Anonymous Mom: I Pierced My Infant’s Nose

shutterstock_185325140__1409847284_142.196.167.223I always knew I wanted to pierce my baby’s nose.

I knew how to do it, as I had performed many piercings myself and a lot of friends’ kids had their ears pierced. I thought it would be cute and culturally unique and meaningful. Naively, I did not expect the backlash I got.

I prepared a sterile area and did it with a topical anesthetic in my own home and with a prepackaged piercing needle, in the smallest gauge available. My son barely cried — it was over quickly and healed remarkably fast. I couldn’t imagine anyone who lived in a society where circumcision (a much more dramatic procedure which I had battled his father throughout my pregnancy to NOT have done) is common, would have much of a problem with something like a simple nose hoop.

I was wrong.

As a first time mother without a lot of friends with children, I didn’t understand the judgmental nature of parents. From the moment I shared a photo on Facebook of my son with the piercing visible, I received a message from a fellow mother I had been friendly with telling me what a horrible person I was — that I had an anger problem, and needed therapy. A short while later another photo was posted to a piercing blog and the internet came at me full force. I had to contact the website to have the photo removed but the damage had been done.

In person, I received hateful stares. In a doctor’s office, a woman stopped her infant daughter from interacting with my son. And that was when I decided to remove it. He was being negatively affected and I wouldn’t allow that. I took it out and today you would never know the difference. It was an outcome I had been aware of from the start. I was only disappointed in people’s hypocrisy — but not surprised.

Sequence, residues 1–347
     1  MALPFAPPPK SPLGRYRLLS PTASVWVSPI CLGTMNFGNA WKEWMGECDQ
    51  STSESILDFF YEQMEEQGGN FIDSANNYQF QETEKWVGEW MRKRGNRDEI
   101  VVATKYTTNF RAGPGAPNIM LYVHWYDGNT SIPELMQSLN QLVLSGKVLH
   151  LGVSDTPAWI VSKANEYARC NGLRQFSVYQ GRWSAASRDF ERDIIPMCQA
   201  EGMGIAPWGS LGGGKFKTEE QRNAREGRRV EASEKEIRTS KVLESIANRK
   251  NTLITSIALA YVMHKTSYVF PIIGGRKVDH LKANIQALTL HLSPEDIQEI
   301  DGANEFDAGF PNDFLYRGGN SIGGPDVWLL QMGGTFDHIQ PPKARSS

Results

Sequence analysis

Looking back, I realize it was a bad call for a number of reasons; I was a new mom, not thinking things through. But I still don’t think I deserved the hatred and judgement I received. I had people telling me to kill myself and threatening to call CPS over something routinely done to infants in malls across america. And in case you were wondering, his pediatrician (a mandated reporter) examined it himself and pronounced it to be fine. I love my son very much and didn’t do it to hurt him. I lost some “friends” over it but I actually gained more than I lost. Many of the people who saw it were more curious than anything and when given a chance to explain, saw that I wasn’t a horrible person. Just different. Many of these people, most of whom are parents themselves, have become some of my best friends in the years since.

So if you were wondering what might happen if you were to pierce your infant’s nose — now you know.

(photo: Dmitry Lobanov/ Shutterstock)

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